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This question already has an answer here:

Modern CPUs employ a hierarchy of memory technologies. Registers, built into the chip have the lowest access times, but are expensive and volatile. Cache is a middle-man between RAM and registers to store data structures to reduce latency between RAM and registers. RAM holds, for the scope of this query, active program code and their data structures. Non-volatile storage is used by programs to save their data and hold the OS and its programs.

The latency of accessing data in memory has been a major bottleneck to creating faster CPUs that do not sit idle, awaiting further instruction. As such, various methods have been designed to parallelize workloads, CPUs to predict branching to hide memory access overhead, and more. However, the complexity of this has seemingly ignored another possibility: a whole-memory register file.

Such a CPU is built with 4, 8, 16, 32 GB or more, made of registers. No cache. No RAM. Just the CPU, the registers on the chip, and external non-volatile storage (SSD/Flash, HDD, etc.).

I understand that the demand for such a chip is unlikely to be sufficient to justify the cost, but I remain surprised that no one seems to have designed a simple device, such as a high-performance MCU or SoC with a small amount of register-only memory. Are there other (perhaps, engineering) challenges to the design and construction of such a chip?

EDIT to Clarify. I am not referring to a CPU in which all memory (DRAM technology) is integrated onto the CPU die, nor am I referring to a cache that is expanded to multiple Gigabytes. I am asking about a design in which the registers remain their existing technology... just expanded by a few orders of magnitude to be able to hold multiple gigabytes of data.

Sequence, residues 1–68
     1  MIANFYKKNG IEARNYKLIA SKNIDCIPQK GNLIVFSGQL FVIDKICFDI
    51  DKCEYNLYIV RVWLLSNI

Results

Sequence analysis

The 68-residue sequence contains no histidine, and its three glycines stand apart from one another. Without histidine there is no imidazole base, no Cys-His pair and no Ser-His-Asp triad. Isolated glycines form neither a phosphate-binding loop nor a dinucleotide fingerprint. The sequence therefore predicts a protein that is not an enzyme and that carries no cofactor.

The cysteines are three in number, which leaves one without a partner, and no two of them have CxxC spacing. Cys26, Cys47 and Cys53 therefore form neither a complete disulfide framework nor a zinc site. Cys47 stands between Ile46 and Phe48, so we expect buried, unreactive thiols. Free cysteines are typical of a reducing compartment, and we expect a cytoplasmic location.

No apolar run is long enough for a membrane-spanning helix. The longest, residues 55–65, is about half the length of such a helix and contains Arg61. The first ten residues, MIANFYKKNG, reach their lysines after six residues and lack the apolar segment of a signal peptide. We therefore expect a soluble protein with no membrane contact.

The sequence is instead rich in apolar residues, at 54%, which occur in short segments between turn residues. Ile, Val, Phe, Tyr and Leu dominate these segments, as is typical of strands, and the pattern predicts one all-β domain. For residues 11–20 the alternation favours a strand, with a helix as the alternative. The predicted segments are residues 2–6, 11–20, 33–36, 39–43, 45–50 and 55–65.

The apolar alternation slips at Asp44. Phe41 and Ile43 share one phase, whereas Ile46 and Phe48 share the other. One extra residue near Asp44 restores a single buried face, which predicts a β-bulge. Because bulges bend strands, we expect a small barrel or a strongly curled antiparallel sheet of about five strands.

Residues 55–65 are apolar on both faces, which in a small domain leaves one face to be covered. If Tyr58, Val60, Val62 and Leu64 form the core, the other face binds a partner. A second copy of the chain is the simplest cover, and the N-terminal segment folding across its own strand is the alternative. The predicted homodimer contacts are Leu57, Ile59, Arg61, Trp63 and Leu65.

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marked as duplicate by Nick Alexeev Mar 4 at 22:56

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    \$\begingroup\$ The SPARC processor design allow for something like 520 registers. They break this up into a variety of "windows" that are smaller sections of this. (I don't know of any SPARC that implements all 520, by the way.) Implementation of read/write dual-port registers is die-space expensive. And these need to operate at full clock speeds. Larger memory arrangements require more time and quickly exceed the clock rate, requiring delays. At some point, you are right back at the cache system. You can arrange faster L1 cache (smaller) with lower clock cycle delays with added L2 and L3 with longer dealys. \$\endgroup\$ – jonk Mar 4 at 4:36
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    \$\begingroup\$ Did you try to estimate how much logic hardware and silicon space would be needed to address (and access) 32 GB of registers individually? And what would be the associated access latency? \$\endgroup\$ – Ale..chenski Mar 4 at 4:38
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    \$\begingroup\$ Pretty much cost is the only reason. To do that, you need a CPU of a size of a dinner plate, costs a few million dollars a piece, takes liquid nitrogen cooling, uses a few kilowatts, and runs very slow as well. Why? Because each instruction now have three fields for register addressing, each 64 bit, plus opcodes you have a 200+ bit instruction word. \$\endgroup\$ – user3528438 Mar 4 at 5:35